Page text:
History of the Gannenmono: “Should Server to Inspire Us Even Today”

Dr. Mark McNally
Published with Permission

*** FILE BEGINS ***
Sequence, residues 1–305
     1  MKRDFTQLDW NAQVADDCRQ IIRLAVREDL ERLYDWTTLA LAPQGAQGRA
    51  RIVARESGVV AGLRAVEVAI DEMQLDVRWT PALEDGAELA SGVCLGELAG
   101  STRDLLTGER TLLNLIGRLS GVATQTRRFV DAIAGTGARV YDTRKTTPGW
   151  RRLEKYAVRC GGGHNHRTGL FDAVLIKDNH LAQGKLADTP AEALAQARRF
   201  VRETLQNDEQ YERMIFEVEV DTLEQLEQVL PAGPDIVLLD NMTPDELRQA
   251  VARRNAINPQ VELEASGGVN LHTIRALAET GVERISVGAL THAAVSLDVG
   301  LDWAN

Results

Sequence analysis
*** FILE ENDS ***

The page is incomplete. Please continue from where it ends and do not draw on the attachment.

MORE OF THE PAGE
On June 19, 1868, the first group of Japanese immigrants arrived in Honolulu. Their group consisted of about 150 people, all of whom were adult men with the exception of five (or six) women who had accompanied their husbands on the voyage from Japan, and two children — a teenager and a baby who was born aboard ship. Today we usually refer to these immigrants as the Gannenmono, meaning “the people of the founding/first year,” which was a reference to the fact that they had arrived during the first year of the new Meiji era in Japan. They had been recruited to work in the Kingdom of Hawai‘i from the Yokohama/Edo (Edo is now known as Tökyö) area, signing three-year contracts for a wage of $4 a month. Their story is an interesting and compelling one, full of surprises, hardships and also joys; but, above all, it illustrates their courage and determination and should serve to inspire us even today. So, it is only fitting that their story be remembered on the 150th anniversary of their arrival in Hawai‘i.

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